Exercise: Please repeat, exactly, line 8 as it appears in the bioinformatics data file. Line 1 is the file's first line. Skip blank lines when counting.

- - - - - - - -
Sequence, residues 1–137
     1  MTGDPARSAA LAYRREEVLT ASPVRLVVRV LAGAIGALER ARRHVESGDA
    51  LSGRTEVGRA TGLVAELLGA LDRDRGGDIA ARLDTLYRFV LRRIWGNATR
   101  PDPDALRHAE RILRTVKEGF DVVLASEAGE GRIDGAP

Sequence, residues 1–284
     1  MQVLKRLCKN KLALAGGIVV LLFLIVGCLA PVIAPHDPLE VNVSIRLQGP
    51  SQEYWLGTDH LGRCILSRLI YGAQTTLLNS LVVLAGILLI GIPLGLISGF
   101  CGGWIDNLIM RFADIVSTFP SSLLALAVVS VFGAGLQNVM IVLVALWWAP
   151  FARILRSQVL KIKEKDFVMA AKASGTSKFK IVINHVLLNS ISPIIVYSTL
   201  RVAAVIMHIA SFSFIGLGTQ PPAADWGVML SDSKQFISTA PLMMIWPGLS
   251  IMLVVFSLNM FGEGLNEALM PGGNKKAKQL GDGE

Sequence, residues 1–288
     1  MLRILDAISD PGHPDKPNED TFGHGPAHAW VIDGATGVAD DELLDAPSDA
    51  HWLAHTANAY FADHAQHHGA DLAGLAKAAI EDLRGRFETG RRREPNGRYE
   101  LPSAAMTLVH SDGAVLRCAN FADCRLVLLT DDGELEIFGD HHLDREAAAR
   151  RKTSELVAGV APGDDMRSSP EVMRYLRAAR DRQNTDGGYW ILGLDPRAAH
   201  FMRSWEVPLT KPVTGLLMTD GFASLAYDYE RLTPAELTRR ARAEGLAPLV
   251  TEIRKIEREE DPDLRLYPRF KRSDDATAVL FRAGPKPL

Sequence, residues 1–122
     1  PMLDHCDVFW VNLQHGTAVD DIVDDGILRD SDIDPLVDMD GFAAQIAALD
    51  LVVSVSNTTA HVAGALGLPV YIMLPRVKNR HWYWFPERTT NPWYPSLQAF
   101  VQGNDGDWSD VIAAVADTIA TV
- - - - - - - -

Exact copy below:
   101  CGGWIDNLIM RFADIVSTFP SSLLALAVVS VFGAGLQNVM IVLVALWWAP